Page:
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Easy Pickled Ramps

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Easy Pickled Ramps

We took our almost three-year-old son ramp foraging with us last week. He brought a trowel and a dump truck. But don’t worry, we confined his excavation to a patch of dirt that did not contain any ramps – they’re far too precious and fragile for the likes of his enthusiastic digging efforts.

We harvested very sustainably -† just one to two plants from each clump – probably 10 percent or less – and left with a small bag of foraged treasure. If you go ramp hunting, please make sure you do the same to preserve these fragile, delicious plants — there’s more info on the dangers they face from over-harvesting in this NY Times article.

A bunch of wild ramps, fresh from the ground by Eve Fox, Garden of Eating blog

I plan to make this delicious ramp and lemon risotto that we enjoyed last year again. And my husband just started a small jar of these pickled ramps.

Pickling wild ramps by Eve Fox, Garden of Eating blog copyright 2012

The simple recipe comes from Kenji Lopez-Alt at Serious Eats via the lovely new cookbook I posted about a few weeks ago, Ramps: Cooking with the Best Kept Secret of the Appalachian Trail (the one with my photo on the cover!)

The new Ramps Cookbook - my photo is on the cover! by Eve Fox, Garden of Eating blog, copyright 2012

There are lots of good recipes in this book, including a few from other upstate NY bloggers like Winnie of Healthy Green Kitchen. Next year, we may need to seek out a larger patch of ramps so we can try out a few more…

Pickling wild ramps by Eve Fox, Garden of Eating blog copyright 2012

It will be at least three weeks before I can report back to you on the flavor and consistency but I expect good things. And since ramp season will definitely be over by that time, here’s the recipe in case you want to try it out with your own haul.

Next: Get the recipe!

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Eve Fox

Eve is the creator of The Garden of Eating, a blog about food--cooking it, eating it, and growing it. She has a legendary love of aprons and can often be found salivating over the fruits and veggies at one of the many farmersí markets near her home in Woodstock, NY. Want even more recipes, photos, giveaways, and food-related inspiration? "Like" the Garden of Eating on Facebook, or follow Eve on Twitter or Pinterest.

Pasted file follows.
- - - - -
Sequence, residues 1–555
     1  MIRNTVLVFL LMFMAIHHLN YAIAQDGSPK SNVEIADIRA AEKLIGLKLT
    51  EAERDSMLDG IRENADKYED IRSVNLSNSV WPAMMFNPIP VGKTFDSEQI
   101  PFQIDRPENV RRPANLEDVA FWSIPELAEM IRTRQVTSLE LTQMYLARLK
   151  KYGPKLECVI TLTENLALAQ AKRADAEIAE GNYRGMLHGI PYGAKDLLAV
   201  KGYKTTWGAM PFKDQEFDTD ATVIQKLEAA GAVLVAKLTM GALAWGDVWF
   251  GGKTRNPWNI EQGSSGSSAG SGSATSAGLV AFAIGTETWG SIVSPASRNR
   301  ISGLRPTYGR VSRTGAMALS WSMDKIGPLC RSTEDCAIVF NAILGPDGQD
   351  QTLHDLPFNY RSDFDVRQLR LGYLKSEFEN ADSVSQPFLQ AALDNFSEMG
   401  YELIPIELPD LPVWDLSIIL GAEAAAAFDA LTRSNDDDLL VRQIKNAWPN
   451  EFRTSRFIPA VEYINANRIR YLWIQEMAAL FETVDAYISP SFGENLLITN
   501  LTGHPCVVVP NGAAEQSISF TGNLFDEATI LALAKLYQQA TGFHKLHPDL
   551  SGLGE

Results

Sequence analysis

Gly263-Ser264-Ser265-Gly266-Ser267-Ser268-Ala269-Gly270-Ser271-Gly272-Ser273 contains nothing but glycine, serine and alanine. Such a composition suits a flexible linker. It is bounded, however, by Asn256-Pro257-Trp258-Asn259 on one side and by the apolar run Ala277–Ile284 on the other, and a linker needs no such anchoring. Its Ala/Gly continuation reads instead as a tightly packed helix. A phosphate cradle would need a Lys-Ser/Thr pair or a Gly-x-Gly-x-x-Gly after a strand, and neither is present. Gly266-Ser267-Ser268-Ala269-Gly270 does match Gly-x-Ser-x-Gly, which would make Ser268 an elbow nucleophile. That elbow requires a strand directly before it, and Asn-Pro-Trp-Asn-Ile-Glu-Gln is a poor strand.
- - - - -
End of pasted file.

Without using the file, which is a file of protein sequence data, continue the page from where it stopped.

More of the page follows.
40 comments

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8:22AM PDT on Jul 31, 2012

Interesting but be sure to check and see if what you are harvesting is scare in a particular area.
There are some things that are like dandelions as they will always be around and in some areas wild leeks and other things are on a list of things to avoid because they have been harvested a bit too often depending on where one lives.

2:55PM PDT on Jun 3, 2012

Thanks for the info.

7:26AM PDT on May 8, 2012

Sounds yummy!

6:47PM PDT on May 4, 2012

have never heard of them before, thanks for sharing this

9:26AM PDT on May 1, 2012

THANKS NOW I KNOW WHAT THEY ARE!

9:22AM PDT on May 1, 2012

I have been wondering what they are as a resturant (fancy one) offerred them to us just last weeThanks for the post.

9:41AM PDT on Apr 30, 2012

Here in Michigan they are 'rampant'(sorry). We had them in our salad last week and will be getting some more this week. Taking one or two plants from a huge clump is a responsible way to harvest them.

7:48AM PDT on Apr 30, 2012

If the plants are rare or indangered how come are these people not taking the plants as starts and growing them in their garden or yard? Harvesting plants like that is very simular to hunting wild or indangered animals. his small bag of dinner could be transplanted and harvested at home with less chance of endangering the spieces. Sure it may take several years to establish to the point of harvest but that would be much better.

11:16PM PDT on Apr 29, 2012

Also called wild leeks. You can grow them.

8:04PM PDT on Apr 29, 2012

Here is another who has not heard of them, guess I wll need to goggle them.

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